French shipping giant CMA CGM has announced a long-term strategic partnership with French utility company ENGIE to help develop decarbonized fuel for shipping.
The strategic and industrial partnership has the ambition of supporting the development of a synthetic methane and liquefied biomethane (BioLNG) bunker fuel, including the associated production and distribution industries for those fuels.
An initial project to produce BioLNG for shipping has already been launched by both groups at the Port of Marseille, in partnership with Métropole Aix-Marseille-Provence and TotalEnergies.
The partnership between CMA CGM and ENGIE will facilitate the sharing of both groups’ knowledge and R&D work, most notably in key technologies such as carbon capture and green hydrogen production. It also covers the analysis of future regulations, as well as efforts to raise awareness of the benefits of BioLNG and synthetic methane for the decarbonization of the shipping industry.
According to CMA CGM, LNG as is can reduce sulfur oxide emissions by 99%, fine particle emissions by 91% and nitrogen oxide emissions by 92%. The company currently operates 20 “e-methane ready” vessels equipped with dual-fuel engines currently running on LNG, with plans for 44 “e-methane” vessels by year-end 2024.
Using LNG as a fuel, CMA CGM says it has been able to reduce overall carbon emissions by 4% in 2020, following a 6% reduction in 2019. The company also reports lowering its carbon emissions per container-kilometer by 49% since 2008.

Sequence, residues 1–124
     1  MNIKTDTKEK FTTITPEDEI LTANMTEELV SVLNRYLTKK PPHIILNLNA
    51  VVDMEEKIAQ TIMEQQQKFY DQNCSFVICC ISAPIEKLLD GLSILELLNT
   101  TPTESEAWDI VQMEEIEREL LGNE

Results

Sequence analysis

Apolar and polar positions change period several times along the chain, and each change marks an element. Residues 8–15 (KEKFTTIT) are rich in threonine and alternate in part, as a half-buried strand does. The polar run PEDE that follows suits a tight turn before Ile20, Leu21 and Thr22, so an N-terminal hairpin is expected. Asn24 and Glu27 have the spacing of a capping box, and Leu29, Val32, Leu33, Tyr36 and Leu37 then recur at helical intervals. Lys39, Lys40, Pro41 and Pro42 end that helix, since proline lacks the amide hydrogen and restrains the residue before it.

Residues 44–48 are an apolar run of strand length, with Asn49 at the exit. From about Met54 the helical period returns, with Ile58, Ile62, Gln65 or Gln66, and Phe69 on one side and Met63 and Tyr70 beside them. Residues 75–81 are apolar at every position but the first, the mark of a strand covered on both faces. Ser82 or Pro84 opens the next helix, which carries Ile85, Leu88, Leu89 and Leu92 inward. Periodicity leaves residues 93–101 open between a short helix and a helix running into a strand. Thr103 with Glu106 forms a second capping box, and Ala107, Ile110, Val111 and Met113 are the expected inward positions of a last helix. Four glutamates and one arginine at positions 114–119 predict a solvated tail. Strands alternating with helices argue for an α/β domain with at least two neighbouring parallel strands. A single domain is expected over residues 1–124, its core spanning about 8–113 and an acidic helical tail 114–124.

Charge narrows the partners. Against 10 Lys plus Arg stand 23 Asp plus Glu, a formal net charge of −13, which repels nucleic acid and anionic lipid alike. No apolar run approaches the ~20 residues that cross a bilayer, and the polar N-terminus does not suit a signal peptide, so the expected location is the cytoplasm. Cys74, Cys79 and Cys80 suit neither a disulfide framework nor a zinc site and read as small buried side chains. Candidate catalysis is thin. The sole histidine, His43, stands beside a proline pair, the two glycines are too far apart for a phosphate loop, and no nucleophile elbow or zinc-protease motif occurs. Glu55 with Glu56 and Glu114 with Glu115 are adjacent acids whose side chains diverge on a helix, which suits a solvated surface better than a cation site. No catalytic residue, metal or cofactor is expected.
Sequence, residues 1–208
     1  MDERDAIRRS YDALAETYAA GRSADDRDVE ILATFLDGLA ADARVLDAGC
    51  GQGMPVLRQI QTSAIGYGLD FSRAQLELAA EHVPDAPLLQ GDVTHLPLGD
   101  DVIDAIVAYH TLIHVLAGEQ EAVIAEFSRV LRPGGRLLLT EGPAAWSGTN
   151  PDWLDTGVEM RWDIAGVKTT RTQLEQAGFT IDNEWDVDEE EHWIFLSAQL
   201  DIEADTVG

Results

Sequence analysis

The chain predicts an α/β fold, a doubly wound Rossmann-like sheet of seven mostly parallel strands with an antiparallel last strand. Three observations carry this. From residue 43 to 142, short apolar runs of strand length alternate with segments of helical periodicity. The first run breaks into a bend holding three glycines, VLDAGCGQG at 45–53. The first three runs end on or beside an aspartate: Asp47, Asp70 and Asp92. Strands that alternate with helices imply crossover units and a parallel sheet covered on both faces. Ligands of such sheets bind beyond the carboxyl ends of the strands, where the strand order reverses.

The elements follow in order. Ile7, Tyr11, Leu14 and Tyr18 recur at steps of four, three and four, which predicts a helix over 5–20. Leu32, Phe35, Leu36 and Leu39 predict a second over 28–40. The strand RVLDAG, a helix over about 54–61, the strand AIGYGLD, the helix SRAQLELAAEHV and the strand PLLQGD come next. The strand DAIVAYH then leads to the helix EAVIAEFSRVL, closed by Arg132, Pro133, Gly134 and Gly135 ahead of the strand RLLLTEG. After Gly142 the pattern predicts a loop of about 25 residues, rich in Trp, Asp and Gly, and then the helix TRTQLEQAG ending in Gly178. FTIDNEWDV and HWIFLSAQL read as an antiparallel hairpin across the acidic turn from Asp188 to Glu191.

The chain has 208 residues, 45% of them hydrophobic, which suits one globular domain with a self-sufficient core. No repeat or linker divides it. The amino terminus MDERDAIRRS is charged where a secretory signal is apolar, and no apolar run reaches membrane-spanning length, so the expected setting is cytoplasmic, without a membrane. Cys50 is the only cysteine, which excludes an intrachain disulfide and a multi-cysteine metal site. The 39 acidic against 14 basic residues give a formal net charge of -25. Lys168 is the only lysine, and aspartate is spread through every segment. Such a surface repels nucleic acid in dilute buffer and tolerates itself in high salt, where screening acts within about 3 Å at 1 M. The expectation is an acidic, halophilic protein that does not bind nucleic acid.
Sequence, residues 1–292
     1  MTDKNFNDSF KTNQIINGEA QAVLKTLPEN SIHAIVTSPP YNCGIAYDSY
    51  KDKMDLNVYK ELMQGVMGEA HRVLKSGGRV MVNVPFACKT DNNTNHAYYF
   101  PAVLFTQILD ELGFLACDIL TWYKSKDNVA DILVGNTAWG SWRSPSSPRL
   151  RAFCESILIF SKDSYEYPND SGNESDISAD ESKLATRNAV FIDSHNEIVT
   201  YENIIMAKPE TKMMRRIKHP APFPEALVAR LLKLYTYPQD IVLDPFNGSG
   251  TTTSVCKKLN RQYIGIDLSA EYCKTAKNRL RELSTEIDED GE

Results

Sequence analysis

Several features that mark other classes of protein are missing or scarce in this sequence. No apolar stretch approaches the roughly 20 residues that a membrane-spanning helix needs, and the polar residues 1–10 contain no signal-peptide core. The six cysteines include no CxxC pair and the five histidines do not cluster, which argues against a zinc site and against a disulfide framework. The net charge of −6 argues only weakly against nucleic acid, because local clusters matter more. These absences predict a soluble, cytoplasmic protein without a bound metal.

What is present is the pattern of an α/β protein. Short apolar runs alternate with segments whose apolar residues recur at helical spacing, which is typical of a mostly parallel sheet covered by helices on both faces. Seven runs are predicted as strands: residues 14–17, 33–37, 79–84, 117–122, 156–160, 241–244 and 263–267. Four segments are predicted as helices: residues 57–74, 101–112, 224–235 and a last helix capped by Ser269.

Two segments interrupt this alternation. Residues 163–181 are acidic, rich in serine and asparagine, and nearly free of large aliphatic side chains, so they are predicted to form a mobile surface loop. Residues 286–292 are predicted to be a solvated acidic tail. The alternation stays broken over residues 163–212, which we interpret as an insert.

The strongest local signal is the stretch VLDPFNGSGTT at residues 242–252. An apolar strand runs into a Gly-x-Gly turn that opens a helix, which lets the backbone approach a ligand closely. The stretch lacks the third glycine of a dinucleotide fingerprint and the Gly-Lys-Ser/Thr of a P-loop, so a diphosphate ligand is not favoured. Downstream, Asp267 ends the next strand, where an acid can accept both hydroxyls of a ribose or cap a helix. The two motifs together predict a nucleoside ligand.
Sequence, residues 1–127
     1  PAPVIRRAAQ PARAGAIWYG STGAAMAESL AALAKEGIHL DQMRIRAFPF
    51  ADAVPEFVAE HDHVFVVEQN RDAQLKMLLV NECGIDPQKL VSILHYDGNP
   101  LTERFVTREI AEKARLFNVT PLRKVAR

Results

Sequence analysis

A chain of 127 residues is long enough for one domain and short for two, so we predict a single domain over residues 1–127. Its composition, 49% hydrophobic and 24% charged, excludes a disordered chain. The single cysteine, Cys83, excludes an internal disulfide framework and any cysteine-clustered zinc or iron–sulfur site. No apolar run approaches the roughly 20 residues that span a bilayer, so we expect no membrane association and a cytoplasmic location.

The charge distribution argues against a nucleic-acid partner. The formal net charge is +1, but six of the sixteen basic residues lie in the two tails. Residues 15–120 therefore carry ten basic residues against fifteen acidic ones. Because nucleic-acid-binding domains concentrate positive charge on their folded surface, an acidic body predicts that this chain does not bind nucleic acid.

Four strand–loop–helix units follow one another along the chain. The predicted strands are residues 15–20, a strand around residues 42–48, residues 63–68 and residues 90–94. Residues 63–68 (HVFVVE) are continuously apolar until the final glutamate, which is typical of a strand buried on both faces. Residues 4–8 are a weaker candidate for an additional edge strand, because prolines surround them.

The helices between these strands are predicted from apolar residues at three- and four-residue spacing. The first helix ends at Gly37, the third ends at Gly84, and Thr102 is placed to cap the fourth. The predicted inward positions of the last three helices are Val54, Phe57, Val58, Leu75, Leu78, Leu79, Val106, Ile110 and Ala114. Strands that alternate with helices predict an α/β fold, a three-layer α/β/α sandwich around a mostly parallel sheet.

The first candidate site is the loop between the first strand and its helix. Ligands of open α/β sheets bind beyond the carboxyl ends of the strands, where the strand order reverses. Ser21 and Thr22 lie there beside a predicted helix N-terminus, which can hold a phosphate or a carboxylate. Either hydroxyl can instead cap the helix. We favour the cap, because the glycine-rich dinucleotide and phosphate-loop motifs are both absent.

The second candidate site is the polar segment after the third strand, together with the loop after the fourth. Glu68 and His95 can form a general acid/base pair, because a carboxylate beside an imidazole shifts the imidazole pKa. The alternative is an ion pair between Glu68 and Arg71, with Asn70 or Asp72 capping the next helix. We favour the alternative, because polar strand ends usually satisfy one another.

The dual-fuel gas-power technology already developed by CMA CGM, currently running on LNG, is also capable of using BioLNG and synthetic methane. Biomethane can reduce greenhouse gas emissions by 67% compared to VLSFO (Very Low Sulfur Fuel Oil) on a well-to-wake basis (entire value chain). Synthetic methane, meanwhile, will eliminate the vast majority of greenhouse gas emissions.
ENGIE is already leading synthetic methane industrial projects, which it says CMA CGM will be able to invest in, including through multi-year purchase agreements. The projects use pyro-gasification or methanation using green hydrogen and captured CO2.
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